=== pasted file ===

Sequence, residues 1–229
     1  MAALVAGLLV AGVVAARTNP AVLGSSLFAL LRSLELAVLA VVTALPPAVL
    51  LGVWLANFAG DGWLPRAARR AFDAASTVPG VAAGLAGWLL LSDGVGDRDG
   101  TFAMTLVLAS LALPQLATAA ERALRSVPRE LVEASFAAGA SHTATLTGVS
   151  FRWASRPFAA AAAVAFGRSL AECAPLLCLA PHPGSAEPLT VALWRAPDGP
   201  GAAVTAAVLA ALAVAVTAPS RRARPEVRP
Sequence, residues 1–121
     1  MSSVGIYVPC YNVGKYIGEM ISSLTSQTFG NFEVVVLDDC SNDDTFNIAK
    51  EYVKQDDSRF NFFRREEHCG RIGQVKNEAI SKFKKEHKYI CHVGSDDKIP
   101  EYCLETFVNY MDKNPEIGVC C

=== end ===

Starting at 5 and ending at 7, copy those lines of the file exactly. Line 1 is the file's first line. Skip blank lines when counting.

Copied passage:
   151  FRWASRPFAA AAAVAFGRSL AECAPLLCLA PHPGSAEPLT VALWRAPDGP
   201  GAAVTAAVLA ALAVAVTAPS RRARPEVRP
Sequence, residues 1–121